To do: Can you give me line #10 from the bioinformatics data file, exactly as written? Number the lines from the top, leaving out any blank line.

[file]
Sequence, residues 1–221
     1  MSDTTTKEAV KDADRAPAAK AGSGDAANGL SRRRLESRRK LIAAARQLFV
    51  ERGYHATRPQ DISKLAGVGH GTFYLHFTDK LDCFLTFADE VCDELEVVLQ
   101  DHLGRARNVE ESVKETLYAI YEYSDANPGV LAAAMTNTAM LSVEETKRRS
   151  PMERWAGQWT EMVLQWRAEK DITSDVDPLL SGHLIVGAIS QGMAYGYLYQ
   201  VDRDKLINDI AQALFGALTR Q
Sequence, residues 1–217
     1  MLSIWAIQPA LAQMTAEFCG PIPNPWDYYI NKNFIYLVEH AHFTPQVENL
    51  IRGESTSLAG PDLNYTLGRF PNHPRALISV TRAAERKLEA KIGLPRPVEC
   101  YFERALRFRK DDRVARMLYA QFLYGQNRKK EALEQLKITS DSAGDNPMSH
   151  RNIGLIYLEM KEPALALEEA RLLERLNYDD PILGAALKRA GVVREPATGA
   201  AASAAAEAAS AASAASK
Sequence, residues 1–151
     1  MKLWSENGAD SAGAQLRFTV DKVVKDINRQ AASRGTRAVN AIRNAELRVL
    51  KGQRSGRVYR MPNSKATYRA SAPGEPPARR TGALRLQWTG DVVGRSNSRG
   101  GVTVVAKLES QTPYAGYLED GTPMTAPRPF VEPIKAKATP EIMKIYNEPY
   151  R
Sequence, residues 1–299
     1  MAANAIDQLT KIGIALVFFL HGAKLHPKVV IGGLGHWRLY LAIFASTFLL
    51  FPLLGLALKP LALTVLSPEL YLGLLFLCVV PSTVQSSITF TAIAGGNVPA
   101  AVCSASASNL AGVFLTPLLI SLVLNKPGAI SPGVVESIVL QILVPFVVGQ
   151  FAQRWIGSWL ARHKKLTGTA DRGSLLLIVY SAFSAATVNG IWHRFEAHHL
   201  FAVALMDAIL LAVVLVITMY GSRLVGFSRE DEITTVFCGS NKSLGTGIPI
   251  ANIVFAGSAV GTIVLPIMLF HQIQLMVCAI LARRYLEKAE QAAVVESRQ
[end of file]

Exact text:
   101  YFERALRFRK DDRVARMLYA QFLYGQNRKK EALEQLKITS DSAGDNPMSH